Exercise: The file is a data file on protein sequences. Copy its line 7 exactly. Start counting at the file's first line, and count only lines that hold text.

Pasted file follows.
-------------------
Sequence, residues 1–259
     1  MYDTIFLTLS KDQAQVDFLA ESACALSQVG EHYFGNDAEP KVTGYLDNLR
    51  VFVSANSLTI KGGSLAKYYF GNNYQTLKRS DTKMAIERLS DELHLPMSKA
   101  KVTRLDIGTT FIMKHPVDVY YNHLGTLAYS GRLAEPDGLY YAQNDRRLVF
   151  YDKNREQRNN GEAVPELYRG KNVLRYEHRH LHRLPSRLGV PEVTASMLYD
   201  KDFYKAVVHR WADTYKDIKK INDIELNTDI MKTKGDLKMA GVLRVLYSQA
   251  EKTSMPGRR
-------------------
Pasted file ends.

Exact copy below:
   251  EKTSMPGRR